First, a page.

Monday, August 25, 2008

A bit about my ulpan

At my ulpan they try very hard to vary the activities so that we will be able to pay attention for the whole of class. We've watched movies, gone on a tour of campus, played games, gone to a computer lab, etc. Yesterday, we went to a language lab, where each of us sat in front of tape players and listened through headsets to exercises. We had to speak in response to the exercises and our responses were recorded. The teacher sat in the front and she was able to listen in on any of our recording sessions in real time, as we were stumbling through our answers. If we were having problems, all we had to do was press the "call teacher" button and the teacher could have a conversation with us from her headset to ours. The exercises were pretty boring, but it was good to get up and do something new. Today, we learned some songs. A teacher from some music institute in Jerusalem - I didn't catch the name of it as she was speaking Hebrew pretty fast - came in to teach us a few songs, and will apparently do this other times throughout the ulpan. We learned a song called "Dreaming in Spanish" about an immigrant who loves Hebrew and does everything in Hebrew but still dreams in Spanish, two Arik Einstein songs(one, two), a short ballad/love song about flying away like birds to build a new life together, Yo-Ya a very well known Israeli song, and others. It was not easy to learn the songs because I don't read as fast as the tempo of the songs - but I was excited to be singing such pretty songs anyway - and again it was nice to have a change of pace in the middle of a day full of conjugating verbs.
Yesterday one of our teachers left the room for a moment and the other teacher came in unexpectedly (she usually teaches another class on Sundays). She came in and without saying anything to any of us she ate part of the other teacher's apple, broke her pencil, wrote on the board, closed the window, tore a piece of paper and used a cigarette lighter to burn it. Then, without a word of explanation, she left the room. We were all sort of giggly and surprised, and didn't know what to make of it. The other teacher came in and said, "Who broke the pencil? The pencil is broken. Who closed the window? The window is closed." etc. And that's how we learned how to change verbs into adjectives: closed, broken, eaten, burnt, torn, etc. It certainly got our attention!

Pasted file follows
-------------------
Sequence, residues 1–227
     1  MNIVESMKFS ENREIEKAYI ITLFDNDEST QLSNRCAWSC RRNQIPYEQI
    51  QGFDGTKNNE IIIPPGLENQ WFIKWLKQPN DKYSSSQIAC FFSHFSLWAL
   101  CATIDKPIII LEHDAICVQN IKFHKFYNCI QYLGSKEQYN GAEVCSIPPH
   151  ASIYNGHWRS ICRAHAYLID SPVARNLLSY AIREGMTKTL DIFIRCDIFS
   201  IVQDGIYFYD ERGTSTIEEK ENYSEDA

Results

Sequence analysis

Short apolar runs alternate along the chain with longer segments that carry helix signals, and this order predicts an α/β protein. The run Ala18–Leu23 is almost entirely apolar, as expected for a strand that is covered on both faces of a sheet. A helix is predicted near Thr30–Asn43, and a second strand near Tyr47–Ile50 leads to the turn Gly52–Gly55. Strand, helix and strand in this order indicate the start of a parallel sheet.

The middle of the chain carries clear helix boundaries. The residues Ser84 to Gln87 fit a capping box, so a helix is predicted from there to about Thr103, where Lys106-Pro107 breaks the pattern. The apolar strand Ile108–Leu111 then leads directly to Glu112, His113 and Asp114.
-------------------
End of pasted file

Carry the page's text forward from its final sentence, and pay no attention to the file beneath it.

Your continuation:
This afternoon as I was waiting for the bus to go home I ran into Alex, the friend I met on Birthright, who is right now taking his final exams at Hebrew University. He introduced me to his friends and we spoke in Hebrew - though I didn't understand most of the conversation and whenever anyone addressed me I had to ask them to repeat themselves, only slower. Alex showed me his dorm room, which is about the size of my room in the IRC at UVA. It was hard to talk to him and his friend because the friend doesn't know very much English and frankly I don't know very much Hebrew. I spoke to her in Hebrew, only not very well - and when I made mistakes they corrected me, and when I didn't know how to say a word I asked Alex. She spoke to me in Hebrew, but mostly Alex had to translate what she said into English for me. When he spoke, Alex spoke first in English and then translated it into Hebrew for his friend. It was all very muddled and talking took a long time, but it was lovely of both of them to be so patient.
It's been an exciting week for us, as we've been receiving packages left and right. Thanks to everyone for fabulous birthday gifts and for a very exciting care package.
Daniel's ulpan ends tomorrow and in a few days he'll be on vacation! Unfortunately as I won't be on vacation, he isn't going anywhere for long, but we're thinking about taking a weekend vacation to Tel Aviv. If anyone has recommendations of things to do in Tel Aviv, let us know.

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